The Dodgers came out fighting in Game 3, showing the kind of moxie with the bats and with the brushbacks that they couldn't muster in Game 2. Hiroki Kuroda stepped up and made a fairly clear statement that the Dodgers were not to be pushed around, especially on their own field, after Russell Martin took the first of two plunks for the team early on in the game. Phillies center fielder Shane Victorino took exception to being buzzed by Kuroda (as would I have), but other than the head shot itself everyone knows that intimidation is the name of this part of the game, one that the Phillies kickstarted in Game 2 and one which the Dodgers, to their credit, finally responded, albeit a game late. Final: 7-2 Dodgers, sparked by a five-run first inning, including a bases-clearing triple by Blake De Witt.
Joe Torre believed the momentum had swung back toward the Dodgers after that win, and deep into Game 4, with the Dodgers leading 5-3, it seemed as though Torre was right and the series would end up tied. After all, the Dodgers survived Chan Ho Park wild-pitching in the tying run to make it a 3-3 game and managed an extra two runs (one off of a solo home run by Casey Blake) to take into the seventh. But then, after a lights-out inning of relief from Hong Chi Kuo, the reliver's return in the seventh looked shaky immediately, as he served up a runner on first right out of the gate. Enter Cory Wade, the Dodgers' stalwart middle reliever, who is about as reliable as anyone on the staff. Wade promptly gave up a two-run tying home run to Victorino, who belted it into the right field bullpen. Then, after a two-out single by Carlos Ruiz, Jonathan Broxton was called in and tried to groove a 3-1 fastball past seasoned pinch-hitter Matt Stairs, who launched it for another two. In what seemed like the flash of a one-two punch to the temples, the Dodgers' 5-3 lead inverted to a 7-5 deficit, one that the Phillies, despite a eighth-inning threat begun by a two-out Manny Ramirez double off of Brad Lidge, would hold until the final out.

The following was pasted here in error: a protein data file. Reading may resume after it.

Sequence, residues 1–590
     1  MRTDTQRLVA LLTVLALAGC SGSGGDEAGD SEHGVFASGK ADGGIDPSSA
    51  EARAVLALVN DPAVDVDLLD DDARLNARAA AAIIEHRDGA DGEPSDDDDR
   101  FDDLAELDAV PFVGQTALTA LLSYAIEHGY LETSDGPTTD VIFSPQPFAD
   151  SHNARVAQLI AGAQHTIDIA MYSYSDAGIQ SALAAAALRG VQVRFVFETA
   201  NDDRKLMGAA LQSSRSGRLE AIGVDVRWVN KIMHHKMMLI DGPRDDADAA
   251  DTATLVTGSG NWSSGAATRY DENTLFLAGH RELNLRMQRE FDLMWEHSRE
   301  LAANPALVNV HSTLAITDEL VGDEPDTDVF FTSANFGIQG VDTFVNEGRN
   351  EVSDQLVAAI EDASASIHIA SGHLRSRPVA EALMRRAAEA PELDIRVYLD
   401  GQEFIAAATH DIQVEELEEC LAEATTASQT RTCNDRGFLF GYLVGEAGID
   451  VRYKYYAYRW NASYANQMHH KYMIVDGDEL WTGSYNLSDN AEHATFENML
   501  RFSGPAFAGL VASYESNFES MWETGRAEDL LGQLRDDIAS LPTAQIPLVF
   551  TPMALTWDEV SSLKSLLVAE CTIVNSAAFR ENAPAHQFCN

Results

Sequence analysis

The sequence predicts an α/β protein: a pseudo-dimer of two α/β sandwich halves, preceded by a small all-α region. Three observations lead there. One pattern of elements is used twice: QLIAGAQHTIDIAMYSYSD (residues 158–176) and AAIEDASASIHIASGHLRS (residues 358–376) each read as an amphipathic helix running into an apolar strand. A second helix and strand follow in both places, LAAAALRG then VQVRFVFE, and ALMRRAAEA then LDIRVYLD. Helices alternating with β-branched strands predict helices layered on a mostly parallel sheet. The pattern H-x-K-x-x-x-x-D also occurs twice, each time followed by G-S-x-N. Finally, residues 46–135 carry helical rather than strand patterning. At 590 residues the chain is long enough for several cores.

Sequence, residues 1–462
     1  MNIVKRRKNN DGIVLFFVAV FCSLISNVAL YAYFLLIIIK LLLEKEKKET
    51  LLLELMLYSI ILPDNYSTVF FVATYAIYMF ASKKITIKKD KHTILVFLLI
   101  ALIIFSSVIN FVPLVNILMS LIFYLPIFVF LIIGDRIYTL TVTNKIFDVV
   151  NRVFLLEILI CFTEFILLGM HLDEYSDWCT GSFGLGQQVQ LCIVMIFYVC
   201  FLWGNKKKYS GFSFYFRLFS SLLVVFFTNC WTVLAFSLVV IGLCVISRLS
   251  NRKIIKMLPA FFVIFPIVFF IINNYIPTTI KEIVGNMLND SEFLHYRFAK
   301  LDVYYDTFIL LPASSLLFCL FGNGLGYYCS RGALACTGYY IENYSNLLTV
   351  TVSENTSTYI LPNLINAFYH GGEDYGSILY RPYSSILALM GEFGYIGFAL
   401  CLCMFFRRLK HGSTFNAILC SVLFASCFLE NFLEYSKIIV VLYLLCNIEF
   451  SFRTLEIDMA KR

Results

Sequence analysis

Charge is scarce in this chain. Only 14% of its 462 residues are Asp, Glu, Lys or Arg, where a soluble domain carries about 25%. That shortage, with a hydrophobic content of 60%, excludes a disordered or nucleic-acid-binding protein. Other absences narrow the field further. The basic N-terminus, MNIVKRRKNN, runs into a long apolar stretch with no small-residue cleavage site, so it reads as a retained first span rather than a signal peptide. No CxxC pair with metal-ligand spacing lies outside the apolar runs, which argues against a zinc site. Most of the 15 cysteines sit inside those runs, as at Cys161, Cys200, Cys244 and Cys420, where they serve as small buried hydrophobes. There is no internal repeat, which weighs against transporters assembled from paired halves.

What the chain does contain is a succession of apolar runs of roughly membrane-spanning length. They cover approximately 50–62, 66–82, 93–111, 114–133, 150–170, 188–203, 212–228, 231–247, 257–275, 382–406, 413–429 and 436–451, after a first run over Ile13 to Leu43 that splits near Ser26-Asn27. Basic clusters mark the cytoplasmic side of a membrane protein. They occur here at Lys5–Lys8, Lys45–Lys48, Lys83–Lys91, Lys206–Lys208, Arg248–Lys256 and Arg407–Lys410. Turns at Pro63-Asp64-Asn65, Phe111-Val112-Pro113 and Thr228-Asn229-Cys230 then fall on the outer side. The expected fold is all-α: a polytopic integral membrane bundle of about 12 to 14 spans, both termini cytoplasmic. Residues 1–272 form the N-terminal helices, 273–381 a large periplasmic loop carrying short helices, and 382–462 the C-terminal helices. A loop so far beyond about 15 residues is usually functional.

All is not lost. Obviously the Dodgers are going to have to roll the boulder uphill the rest of the way. But it can be done. Jon Lester proved earlier today in the Rays' happy 9-1 rout of the Red Sox that even the most confident ace can get pantsed on the national stage, so there's no reason to think that the Dodgers can't similarly bend Cole Hamels over in Game 5. And there's certainly no reason to fold up the tents altogether, no matter how insistent Joe Buck might be that this thing is as good as over. The Dodgers cannot clinch on their home field, but we knew that at the end of Game 2. So what? The Phillies, however, can clinch on the hallowed grass of Dodger Stadium on Wednesday if the Dodgers don't come out with the same fighting spirit that they displayed in spades on Sunday night and held up for seven innings tonight. (It wouldn't hurt my feelings if they kept the game ball as far away from Chan Ho Park as possible too.) I don't relish the idea of being there in person to see Philadelphia win the pennant. When I'm in the park in person on Wednesday night I'd much rather see the Dodgers close out the home stand of the NLCS with a decisive win like the one they served up Sunday. So even if it does turn out to be the last game played at Dodger Stadium this season the boys in blue will have taken us out on a high note. But it won't be the last game. The Dodgers have a hell of a battle ahead of them, but I truly believe they are still in this, especially if Charlie Manuel decides it's a good idea to bring Jamie Moyer back out for Game 7. The best is yet to come, Dodger fans.